LOS ANGELES (AP) — Mayor Antonio Villaraigosa on Friday forecast a long season of painful budget cuts that will shutter city departments, force layoffs and potentially slash salaries for police, firefighters and other city workers.

Over the next 16 months, the nation's second-largest city needs to close spending gaps of about $700 million as the economy struggles with double-digit unemployment and a housing crisis. As early steps, the Democratic mayor announced he would eliminate two small agencies to save $3.2 million.

"I don't relish having to make these decisions," a grim-faced mayor said at City Hall. "We are going to have to cut everywhere."

The City Council and the mayor's office have been discussing plans for weeks to shutter the departments of Environmental Affairs and Human Services, which will cut 46 jobs.

Villaraigosa said most of the functions carried out by the agencies would be shifted elsewhere. But he sees no scenario that does not include future layoffs and "you can't lay off people ... without reducing the size of services."

It's just the beginning.

Earlier this month, the mayor announced 1,000 planned layoffs to help close a $212 million budget gap by June 30. With the city's finances continuing to erode, the Council directed agencies Thursday to cut 3,000 additional jobs by that time, a move supported by the mayor.

If completed, the layoffs would cut the work force paid from the city's general fund by 16 percent. Overall, Los Angeles has 46,000 workers, but 21,000 are paid from separate sources, such as at the Department of Water and Power.

The gap projected for the year that begins July 1 is nearly $500 million, all but assuring further cutbacks.

"There is no scenario where there will not be layoffs," Villaraigosa said.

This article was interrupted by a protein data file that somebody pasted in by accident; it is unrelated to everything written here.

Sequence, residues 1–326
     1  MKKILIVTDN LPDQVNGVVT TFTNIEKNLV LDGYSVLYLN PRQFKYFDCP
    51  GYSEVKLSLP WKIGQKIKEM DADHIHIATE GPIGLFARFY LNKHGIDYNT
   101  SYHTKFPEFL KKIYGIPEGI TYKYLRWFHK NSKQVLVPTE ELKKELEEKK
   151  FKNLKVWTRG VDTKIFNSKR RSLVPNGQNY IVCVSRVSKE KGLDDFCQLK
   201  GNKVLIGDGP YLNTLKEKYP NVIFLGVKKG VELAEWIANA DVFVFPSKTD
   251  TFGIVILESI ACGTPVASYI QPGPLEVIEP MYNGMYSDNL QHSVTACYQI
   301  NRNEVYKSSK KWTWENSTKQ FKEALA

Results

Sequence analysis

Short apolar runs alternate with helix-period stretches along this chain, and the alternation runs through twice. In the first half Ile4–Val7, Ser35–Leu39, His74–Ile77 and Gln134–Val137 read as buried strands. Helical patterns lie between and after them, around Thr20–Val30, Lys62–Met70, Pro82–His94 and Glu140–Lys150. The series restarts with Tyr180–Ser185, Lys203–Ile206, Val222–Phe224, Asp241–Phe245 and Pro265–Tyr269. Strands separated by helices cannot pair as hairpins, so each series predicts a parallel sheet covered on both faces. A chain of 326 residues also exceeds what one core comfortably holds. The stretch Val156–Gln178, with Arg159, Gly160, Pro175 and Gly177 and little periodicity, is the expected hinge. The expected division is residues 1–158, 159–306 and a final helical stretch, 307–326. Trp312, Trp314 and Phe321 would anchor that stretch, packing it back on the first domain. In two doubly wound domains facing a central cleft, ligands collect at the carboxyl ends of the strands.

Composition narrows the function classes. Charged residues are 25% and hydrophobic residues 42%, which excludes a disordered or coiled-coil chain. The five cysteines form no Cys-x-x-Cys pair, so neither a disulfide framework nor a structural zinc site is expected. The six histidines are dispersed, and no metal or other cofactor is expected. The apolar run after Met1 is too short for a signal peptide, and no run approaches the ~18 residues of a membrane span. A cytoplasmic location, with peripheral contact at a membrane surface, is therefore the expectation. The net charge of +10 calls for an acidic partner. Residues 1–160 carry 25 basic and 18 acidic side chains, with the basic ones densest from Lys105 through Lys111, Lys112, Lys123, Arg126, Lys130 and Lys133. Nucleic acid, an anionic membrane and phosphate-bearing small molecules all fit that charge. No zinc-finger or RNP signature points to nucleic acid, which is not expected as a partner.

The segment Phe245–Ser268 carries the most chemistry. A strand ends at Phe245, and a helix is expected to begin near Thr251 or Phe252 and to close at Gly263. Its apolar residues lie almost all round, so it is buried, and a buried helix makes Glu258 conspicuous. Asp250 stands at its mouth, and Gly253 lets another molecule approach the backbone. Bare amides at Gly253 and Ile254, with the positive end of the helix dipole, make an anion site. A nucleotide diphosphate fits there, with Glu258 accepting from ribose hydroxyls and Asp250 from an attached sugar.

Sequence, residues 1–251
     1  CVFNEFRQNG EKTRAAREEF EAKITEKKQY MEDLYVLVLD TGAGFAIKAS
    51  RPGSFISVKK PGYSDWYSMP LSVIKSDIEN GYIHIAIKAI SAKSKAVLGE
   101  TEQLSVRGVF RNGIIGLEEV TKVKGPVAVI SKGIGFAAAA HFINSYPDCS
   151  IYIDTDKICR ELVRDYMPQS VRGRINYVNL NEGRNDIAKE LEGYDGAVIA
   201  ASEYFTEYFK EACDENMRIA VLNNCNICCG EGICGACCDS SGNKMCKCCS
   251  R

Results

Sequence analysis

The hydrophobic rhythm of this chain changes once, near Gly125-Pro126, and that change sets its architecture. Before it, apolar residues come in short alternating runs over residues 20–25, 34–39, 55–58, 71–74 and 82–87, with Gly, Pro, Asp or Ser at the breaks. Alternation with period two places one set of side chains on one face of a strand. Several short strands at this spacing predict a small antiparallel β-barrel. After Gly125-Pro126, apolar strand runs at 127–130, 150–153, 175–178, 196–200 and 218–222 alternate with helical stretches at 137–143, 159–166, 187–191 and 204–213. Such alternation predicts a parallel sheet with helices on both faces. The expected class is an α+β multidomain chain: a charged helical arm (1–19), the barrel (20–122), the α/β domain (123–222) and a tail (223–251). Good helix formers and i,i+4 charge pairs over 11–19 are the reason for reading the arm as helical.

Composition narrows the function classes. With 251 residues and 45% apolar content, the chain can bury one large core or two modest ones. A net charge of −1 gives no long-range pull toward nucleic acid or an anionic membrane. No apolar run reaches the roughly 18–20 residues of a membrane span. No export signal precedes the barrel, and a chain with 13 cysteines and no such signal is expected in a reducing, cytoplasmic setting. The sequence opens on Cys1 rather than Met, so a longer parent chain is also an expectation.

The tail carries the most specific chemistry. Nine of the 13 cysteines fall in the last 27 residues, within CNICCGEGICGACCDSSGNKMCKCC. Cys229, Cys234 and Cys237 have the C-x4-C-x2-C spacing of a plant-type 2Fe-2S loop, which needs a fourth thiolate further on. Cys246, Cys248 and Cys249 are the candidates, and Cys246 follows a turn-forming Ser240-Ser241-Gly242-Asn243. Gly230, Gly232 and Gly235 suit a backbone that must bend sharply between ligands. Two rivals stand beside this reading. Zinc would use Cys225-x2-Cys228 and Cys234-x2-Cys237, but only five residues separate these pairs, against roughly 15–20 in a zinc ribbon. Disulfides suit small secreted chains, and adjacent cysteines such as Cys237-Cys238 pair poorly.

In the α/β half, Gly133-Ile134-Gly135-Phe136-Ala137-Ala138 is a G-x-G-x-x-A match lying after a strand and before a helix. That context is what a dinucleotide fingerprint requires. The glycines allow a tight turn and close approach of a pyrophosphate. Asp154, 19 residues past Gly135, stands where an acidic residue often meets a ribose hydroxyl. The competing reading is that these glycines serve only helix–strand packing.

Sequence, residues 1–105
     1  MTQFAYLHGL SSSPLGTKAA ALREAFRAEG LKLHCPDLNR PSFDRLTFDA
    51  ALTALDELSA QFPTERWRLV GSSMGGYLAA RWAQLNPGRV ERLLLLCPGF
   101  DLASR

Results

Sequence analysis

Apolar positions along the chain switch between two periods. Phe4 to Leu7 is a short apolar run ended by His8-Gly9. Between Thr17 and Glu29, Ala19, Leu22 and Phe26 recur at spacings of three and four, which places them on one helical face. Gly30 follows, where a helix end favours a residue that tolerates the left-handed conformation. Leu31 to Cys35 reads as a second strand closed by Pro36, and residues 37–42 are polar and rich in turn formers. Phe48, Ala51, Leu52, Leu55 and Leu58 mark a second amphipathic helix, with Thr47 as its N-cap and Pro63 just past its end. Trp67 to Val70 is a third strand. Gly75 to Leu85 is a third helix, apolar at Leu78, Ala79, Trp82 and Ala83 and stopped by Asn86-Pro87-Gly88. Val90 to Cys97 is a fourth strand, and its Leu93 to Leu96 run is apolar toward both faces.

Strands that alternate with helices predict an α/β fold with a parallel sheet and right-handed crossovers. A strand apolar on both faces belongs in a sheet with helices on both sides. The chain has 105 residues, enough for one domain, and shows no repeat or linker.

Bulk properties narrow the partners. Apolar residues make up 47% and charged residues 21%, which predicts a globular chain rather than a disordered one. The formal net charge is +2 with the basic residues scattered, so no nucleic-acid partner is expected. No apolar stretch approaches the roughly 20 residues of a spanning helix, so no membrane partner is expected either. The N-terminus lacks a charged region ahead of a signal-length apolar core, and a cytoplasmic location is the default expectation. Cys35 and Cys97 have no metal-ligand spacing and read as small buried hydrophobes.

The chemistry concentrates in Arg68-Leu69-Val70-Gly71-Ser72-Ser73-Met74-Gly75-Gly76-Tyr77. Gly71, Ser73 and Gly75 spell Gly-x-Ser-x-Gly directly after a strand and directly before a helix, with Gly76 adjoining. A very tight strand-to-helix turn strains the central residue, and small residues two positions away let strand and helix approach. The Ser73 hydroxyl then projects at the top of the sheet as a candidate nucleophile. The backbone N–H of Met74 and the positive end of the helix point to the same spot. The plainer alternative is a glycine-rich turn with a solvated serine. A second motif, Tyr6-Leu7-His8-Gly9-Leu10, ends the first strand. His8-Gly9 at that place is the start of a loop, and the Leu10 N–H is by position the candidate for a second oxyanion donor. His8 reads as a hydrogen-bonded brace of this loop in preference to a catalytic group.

Villaraigosa opposes police layoffs — he's made expanding the police ranks a cornerstone of his administration. But he wants unionized workers, including police officers and firefighters, to consider pay cuts as deep as 15 percent, which would save as much as $450 million a year.

Police union president Paul Weber said officers agreed in their last contract to be compensated for overtime for a two-year period in time off, not cash, to save the city money.

"We understand the city is in a dire-type financial situation," said Weber, who heads the Los Angeles Police Protective League. But "I think my average member is going to say, 'I'm already taking a pay cut.'"

Cheryl Parisi, chair of the Coalition of Los Angeles City Unions, an umbrella group for 22,000 workers from librarians to street maintenance workers, faulted the mayor and Council for poor financial stewardship. She said other options should be considered, including givebacks from vendors with $2.5 billion in city contracts.

"There has been no real leadership. There has been no plan," Parisi said.

The city's financial outlook is not promising. Los Angeles County lost 154,000 jobs in 2009 and is projected to lose 20,000 this year before growing by 40,000 in 2011.

"It's going to be a slow recovery," said Jack Kyser, chief economist with the Los Angeles County Economic Development Corp. "It's going to be a tough time for local governments."


Copyright 2010 The Associated Press.